— The Cathedral • Hugh Walpole

... Mrs. Jake, "we should feel it was different and want her to have a chance, but she's just like other folks for all she felt so much above farming. I don't see as she can do better than come back to the old place, or leastways to the village, and fetch up the little gal to be some use. She might dressmake or do millinery work; she always had a pretty taste, and 't would be better than roving. I 'spose 't would hurt her pride,"—but Mrs. Thacher flushed at this, and Mrs. Martin ...
— A Country Doctor and Selected Stories and Sketches • Sarah Orne Jewett

... replied the night-porter. "But there's a master-key to all these doors in the office. Shall I fetch ...
— The Rayner-Slade Amalgamation • J. S. Fletcher

... go for scoop same like always. Den Old Man Savarin is fetch my fader up before de magistrate. De magistrate make ...
— Old Man Savarin and Other Stories • Edward William Thomson

... the sergeant, wiping blood from his gray beard. "It's plain as a pikestaff now; and to think that he was the one to come and fetch us the very night he'd done it! But what licks me more than anything is how in the world you found him ...
— Stingaree • E. W. (Ernest William) Hornung

... else, eh?" he remarked. "Well, it isn't, you see; it's me. There's no one else with a mind to come down here this baking afternoon to fetch you." ...
— A People's Man • E. Phillips Oppenheim

... could not get enough fodder for the cattle; or prayed for rain in May and for fine weather at the end of June. On this account they would calculate after the harvest how much corn they would get out of a korzec,[1] and what prices it would fetch. Like bees round a hive their thoughts swarmed round the question of daily bread. They never moved far from this subject, and to leave it aside altogether was impossible. They even said with pride that, as gentlemen ...
— Selected Polish Tales • Various

... face lighted up. "I see what he means. Anstice, you or I must make all speed back to Cairo and fetch out some soldiers. The barracks swarm with them, and if I know them they'll jump at the chance of a little scrap like this. With luck you'd be back in three days—less, if you pushed your horses—and by God I believe we could hold the Fort ...
— Afterwards • Kathlyn Rhodes

... sure you don't let on Snyder might be keepin' a better fire in his furnace if he didn't begrutch the coal so. It's gospel truth, o' course, but landlords is supposed to have feelin's, same as the rest of us, an' a gentle word turneth aside wrath. Sabina, now show what a big girl you are, an' fetch mother Cora's nicest nightie out o' the drawer in my beaurer—the nightie Mrs. Granville sent Cora last Christmas. Mother wants to hang it in front of the kitchen-range, so's the pretty lady can go by-bye all warm an' comfy, after ...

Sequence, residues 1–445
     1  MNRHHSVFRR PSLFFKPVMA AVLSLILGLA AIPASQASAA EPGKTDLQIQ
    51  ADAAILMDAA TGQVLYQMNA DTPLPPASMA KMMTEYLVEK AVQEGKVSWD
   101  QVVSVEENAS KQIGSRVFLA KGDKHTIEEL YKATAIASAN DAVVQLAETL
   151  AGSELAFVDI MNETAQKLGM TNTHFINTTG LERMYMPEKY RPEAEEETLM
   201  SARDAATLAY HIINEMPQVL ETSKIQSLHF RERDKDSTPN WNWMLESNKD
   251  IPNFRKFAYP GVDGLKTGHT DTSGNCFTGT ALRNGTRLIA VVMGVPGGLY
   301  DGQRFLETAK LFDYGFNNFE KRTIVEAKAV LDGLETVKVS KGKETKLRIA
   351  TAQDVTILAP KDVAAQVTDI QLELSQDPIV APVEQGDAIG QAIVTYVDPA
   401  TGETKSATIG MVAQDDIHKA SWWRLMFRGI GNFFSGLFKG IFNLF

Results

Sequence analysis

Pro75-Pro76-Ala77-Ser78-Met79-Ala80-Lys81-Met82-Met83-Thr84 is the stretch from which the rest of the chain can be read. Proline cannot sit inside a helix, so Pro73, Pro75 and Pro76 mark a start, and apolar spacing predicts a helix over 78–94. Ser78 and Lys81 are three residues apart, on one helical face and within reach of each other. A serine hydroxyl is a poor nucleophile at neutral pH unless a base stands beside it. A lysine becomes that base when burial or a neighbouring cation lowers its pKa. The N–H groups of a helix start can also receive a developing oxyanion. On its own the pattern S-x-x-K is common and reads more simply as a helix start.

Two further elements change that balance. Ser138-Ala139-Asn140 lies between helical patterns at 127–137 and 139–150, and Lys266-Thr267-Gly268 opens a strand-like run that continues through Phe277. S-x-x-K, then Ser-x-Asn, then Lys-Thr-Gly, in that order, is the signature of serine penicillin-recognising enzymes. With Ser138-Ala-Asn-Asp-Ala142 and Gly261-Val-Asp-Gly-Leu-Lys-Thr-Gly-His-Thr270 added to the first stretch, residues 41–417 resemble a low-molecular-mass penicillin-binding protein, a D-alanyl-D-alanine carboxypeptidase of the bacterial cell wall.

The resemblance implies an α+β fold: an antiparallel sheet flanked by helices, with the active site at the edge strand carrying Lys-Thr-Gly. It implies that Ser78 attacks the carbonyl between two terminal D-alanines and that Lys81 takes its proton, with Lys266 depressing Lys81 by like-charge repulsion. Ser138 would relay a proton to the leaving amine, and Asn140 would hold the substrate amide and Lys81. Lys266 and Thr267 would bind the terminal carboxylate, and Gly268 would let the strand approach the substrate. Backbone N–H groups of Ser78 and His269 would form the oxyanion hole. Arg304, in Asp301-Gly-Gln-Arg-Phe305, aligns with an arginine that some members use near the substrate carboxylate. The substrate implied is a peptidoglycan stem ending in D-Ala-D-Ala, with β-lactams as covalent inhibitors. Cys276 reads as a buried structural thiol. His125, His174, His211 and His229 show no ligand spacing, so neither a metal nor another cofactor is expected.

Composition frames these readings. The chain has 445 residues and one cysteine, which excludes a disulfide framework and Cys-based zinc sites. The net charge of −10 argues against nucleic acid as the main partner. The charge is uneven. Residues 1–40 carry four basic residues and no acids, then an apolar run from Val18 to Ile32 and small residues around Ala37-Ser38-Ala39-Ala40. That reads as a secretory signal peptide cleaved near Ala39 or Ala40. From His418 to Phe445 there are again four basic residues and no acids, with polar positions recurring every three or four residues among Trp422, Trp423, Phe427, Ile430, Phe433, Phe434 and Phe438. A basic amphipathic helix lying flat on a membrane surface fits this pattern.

— Martha By-the-Day • Julie M. Lippmann

... chasin' of him, all the rest would disperse like a congregation arter church, and cut off like wink, each on his own way, as if he was afraid the minister was a-goin' to run after 'em, head 'em, and fetch 'em back and pen ...
— Nature and Human Nature • Thomas Chandler Haliburton

... do not make a noise! Margaret, fetch me cold water, and do you, Elizabeth, help me to unlace the young lady's bodice," for the light in the kitchen enabled her to see at once that the girl was ...
— A March on London • G. A. Henty

... purchase this fashionable luxury, and ten times the amount paid for the first mentioned pair would be a reasonable price to pay for the prize winners. I think the winners of the blue in the Bostons would fetch ...
— The Boston Terrier and All About It - A Practical, Scientific, and Up to Date Guide to the Breeding of the American Dog • Edward Axtell

... the arm, that the girl was come of an honourable race. The next day, when the office was ended, the porter prayed the Abbess that he might have speech with her as she left the church. He related his story, and told of the finding of the child. The Abbess bade him to fetch the child, dressed in such fashion as she was discovered in the ash. The porter returned to his house, and showed the babe right gladly to his dame. The Abbess observed the infant closely, and said that she would be at the cost of her nourishing, and would cherish her as a ...
— French Mediaeval Romances from the Lays of Marie de France • Marie de France

... was to try to explain to Mrs. Frost without alarming her. She happily jumped to the idea that Dan had gotten trace of Nancy, had gone to fetch her, and would return with her before nightfall. So Tom left her quite cheerfully knitting in ...
— The Inn at the Red Oak • Latta Griswold

... relatives. Send thou forthwith a troop in chase, and have her brought back to thee. It will be easier for thee to bear the wrath of one person than to be perpetually at strife, thyself and thine, with all the Franks.' And Gondebaud did send forthwith a troop in chase to fetch back Clotilde with the carriage and all the treasure; but she, on approaching Villers, where Clovis was waiting for her, in the territory of the Troyes, and before passing the Burgundian frontier, urged ...
— The Great Events by Famous Historians, Volume 4 • Various

... Jill went up the hill, To fetch a pail of water; Jack fell down, and broke his crown, And Jill came ...
— Pinafore Palace • Various

... too about that, and had been assured that there must be property, but property so involved and tied up as to make it impossible to lay hands upon it suddenly. 'They say that the things in the square, and the plate, and the carriages and horses, and all that, ought to fetch between twenty and thirty thousand. There were a lot of jewels, but the women ...